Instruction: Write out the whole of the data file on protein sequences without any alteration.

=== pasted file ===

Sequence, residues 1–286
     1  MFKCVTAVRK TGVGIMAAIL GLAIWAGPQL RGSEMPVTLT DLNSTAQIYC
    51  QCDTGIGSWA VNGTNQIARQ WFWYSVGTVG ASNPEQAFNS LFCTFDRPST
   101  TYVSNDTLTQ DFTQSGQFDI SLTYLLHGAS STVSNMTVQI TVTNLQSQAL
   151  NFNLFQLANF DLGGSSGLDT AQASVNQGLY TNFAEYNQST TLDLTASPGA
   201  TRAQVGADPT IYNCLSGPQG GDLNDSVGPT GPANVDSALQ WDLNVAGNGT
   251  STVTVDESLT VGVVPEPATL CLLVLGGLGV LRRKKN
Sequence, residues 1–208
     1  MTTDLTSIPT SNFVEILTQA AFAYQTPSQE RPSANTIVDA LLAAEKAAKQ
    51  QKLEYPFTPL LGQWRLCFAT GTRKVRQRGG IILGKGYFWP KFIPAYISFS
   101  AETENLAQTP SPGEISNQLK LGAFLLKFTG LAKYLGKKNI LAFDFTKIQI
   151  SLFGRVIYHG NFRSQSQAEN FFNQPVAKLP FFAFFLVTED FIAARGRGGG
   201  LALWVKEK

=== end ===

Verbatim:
Sequence, residues 1–286
     1  MFKCVTAVRK TGVGIMAAIL GLAIWAGPQL RGSEMPVTLT DLNSTAQIYC
    51  QCDTGIGSWA VNGTNQIARQ WFWYSVGTVG ASNPEQAFNS LFCTFDRPST
   101  TYVSNDTLTQ DFTQSGQFDI SLTYLLHGAS STVSNMTVQI TVTNLQSQAL
   151  NFNLFQLANF DLGGSSGLDT AQASVNQGLY TNFAEYNQST TLDLTASPGA
   201  TRAQVGADPT IYNCLSGPQG GDLNDSVGPT GPANVDSALQ WDLNVAGNGT
   251  STVTVDESLT VGVVPEPATL CLLVLGGLGV LRRKKN
Sequence, residues 1–208
     1  MTTDLTSIPT SNFVEILTQA AFAYQTPSQE RPSANTIVDA LLAAEKAAKQ
    51  QKLEYPFTPL LGQWRLCFAT GTRKVRQRGG IILGKGYFWP KFIPAYISFS
   101  AETENLAQTP SPGEISNQLK LGAFLLKFTG LAKYLGKKNI LAFDFTKIQI
   151  SLFGRVIYHG NFRSQSQAEN FFNQPVAKLP FFAFFLVTED FIAARGRGGG
   201  LALWVKEK